Consistent information on actual sensor performance is available from DXO Mark for many cameras. This service determines an overall sensor rating, as well as sub-scores for low-light sensitivity ("DXO Sports"), dynamic range ("DXO Landscape"), and color depth ("DXO Portrait"). The following table provides an overview of the physical sensor characteristics, as well as the sensor quality measurements for a selection of comparators.
|Canon G5 X Mark II||1-inch||20.0||5472||3648||4K/30p||..||..||..||..|
|Canon G7 X Mark III||1-inch||20.0||5472||3648||4K/30p||..||..||..||..|
|Canon G9 X Mark II||1-inch||20.0||5472||3648||1080/60p||21.9||12.5||522||65|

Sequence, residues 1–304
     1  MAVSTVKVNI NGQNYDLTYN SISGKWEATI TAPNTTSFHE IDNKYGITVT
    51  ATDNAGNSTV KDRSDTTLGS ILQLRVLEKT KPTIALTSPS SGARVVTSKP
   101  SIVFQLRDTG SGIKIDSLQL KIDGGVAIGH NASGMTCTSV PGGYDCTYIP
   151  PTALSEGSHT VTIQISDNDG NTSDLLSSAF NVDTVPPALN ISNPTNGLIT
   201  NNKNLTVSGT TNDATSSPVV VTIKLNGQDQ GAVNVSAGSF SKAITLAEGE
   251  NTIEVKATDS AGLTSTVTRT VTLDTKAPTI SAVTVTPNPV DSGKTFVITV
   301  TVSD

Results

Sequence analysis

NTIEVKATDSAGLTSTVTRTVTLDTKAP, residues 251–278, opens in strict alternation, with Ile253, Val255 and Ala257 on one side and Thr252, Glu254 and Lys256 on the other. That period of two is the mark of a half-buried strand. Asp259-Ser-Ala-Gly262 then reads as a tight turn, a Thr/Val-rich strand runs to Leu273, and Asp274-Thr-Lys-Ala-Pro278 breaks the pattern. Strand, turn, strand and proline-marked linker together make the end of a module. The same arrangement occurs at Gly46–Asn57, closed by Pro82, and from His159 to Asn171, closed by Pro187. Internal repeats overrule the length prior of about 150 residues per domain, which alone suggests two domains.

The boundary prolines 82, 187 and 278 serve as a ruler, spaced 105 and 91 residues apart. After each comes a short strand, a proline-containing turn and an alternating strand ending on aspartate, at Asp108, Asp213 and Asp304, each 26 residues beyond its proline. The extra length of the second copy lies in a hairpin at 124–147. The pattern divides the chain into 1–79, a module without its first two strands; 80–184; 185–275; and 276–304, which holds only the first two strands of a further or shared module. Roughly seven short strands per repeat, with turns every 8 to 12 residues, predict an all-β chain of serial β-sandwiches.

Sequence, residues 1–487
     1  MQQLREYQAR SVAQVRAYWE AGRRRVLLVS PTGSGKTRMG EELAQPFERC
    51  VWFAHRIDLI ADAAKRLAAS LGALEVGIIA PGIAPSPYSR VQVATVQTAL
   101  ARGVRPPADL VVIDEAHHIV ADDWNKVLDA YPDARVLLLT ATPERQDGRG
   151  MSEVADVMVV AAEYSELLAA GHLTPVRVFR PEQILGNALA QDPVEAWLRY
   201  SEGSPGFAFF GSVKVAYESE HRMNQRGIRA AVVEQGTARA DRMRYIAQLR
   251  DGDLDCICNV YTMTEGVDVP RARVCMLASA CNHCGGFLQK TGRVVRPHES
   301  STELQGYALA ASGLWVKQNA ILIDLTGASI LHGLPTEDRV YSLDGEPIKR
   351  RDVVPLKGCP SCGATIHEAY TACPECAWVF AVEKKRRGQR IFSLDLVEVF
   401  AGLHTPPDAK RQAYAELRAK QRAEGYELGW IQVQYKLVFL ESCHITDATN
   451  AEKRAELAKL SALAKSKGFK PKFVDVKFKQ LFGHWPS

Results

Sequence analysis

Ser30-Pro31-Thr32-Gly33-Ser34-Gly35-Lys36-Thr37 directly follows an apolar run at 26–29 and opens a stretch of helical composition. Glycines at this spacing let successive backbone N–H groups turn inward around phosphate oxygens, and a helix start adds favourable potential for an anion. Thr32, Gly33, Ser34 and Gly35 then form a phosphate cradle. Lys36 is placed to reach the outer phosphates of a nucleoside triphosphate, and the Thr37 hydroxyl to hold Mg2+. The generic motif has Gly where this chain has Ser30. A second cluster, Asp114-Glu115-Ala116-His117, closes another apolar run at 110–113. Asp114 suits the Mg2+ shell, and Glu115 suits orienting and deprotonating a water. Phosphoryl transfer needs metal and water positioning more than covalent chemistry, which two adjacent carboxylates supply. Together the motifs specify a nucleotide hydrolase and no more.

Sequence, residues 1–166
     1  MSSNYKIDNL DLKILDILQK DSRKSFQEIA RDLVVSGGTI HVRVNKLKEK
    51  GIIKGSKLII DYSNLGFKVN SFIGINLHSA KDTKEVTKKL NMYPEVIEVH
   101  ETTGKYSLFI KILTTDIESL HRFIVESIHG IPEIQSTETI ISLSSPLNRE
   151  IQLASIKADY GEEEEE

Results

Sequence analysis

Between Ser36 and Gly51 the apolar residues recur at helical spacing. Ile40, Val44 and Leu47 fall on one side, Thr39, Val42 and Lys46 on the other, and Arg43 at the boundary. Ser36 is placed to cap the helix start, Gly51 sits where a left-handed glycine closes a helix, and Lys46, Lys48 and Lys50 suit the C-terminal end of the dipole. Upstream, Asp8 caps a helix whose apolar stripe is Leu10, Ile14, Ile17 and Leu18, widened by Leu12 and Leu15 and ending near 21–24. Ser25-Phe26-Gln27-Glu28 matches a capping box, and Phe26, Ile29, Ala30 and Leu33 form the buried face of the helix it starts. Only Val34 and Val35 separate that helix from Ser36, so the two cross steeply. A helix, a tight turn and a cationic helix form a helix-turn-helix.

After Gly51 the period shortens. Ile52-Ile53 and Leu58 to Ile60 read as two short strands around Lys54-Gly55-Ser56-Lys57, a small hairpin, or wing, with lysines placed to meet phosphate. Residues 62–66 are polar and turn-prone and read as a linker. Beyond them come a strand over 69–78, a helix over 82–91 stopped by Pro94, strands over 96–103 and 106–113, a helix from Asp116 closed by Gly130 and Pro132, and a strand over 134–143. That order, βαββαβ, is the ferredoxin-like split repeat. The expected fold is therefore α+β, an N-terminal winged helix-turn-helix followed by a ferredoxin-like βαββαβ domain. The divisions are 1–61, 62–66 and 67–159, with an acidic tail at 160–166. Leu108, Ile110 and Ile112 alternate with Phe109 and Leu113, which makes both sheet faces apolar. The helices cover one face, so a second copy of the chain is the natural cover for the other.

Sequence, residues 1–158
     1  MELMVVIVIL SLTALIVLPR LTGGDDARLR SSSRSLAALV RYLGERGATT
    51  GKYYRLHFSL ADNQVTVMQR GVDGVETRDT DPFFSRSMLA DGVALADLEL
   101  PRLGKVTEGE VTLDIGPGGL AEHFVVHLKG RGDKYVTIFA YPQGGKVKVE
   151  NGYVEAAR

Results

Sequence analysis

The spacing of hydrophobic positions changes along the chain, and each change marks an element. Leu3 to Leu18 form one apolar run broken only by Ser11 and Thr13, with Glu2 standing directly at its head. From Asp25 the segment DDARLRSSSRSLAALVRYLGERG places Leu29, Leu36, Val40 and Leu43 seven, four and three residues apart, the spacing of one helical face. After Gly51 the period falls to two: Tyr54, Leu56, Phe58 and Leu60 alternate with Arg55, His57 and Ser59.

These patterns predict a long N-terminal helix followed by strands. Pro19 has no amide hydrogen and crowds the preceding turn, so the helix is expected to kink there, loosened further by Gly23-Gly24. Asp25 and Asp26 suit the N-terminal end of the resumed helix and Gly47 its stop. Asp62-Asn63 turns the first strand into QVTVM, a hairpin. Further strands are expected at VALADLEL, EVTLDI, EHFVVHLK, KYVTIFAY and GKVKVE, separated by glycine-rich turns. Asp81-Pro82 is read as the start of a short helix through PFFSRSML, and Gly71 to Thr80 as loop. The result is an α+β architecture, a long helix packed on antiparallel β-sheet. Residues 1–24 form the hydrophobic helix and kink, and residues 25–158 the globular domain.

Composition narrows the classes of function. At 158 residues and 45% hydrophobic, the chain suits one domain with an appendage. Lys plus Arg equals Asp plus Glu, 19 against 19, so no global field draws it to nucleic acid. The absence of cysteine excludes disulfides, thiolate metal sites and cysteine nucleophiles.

|Canon G7 X Mark II||1-inch||20.0||5472||3648||1080/60p||..||..||..||..|
|Canon G5 X||1-inch||20.0||5472||3648||1080/60p||..||..||..||..|
|Canon G7 X||1-inch||20.0||5472||3648||1080/60p||23.0||12.7||556||71|
|Panasonic FZ1000 II||1-inch||20.0||5472||3648||4K/30p||..||..||..||..|
|Panasonic GX9||Four Thirds||20.2||5184||3888||4K/30p||..||..||..||..|
Many modern cameras are not only capable of taking still images, but can also record movies. Both cameras under consideration have a sensor with sufficiently fast read-out times for moving pictures, and both provide the same movie specifications (4K/30p).
Apart from body and sensor, cameras can and do differ across a range of features. For example, the ZS200 has an electronic viewfinder (2330k dots), which can be very helpful when shooting in bright sunlight. In contrast, the WX800 relies on live view and the rear LCD for framing. The following table reports on some other key feature differences and similarities of the Panasonic ZS200, the Sony WX800, and comparable cameras.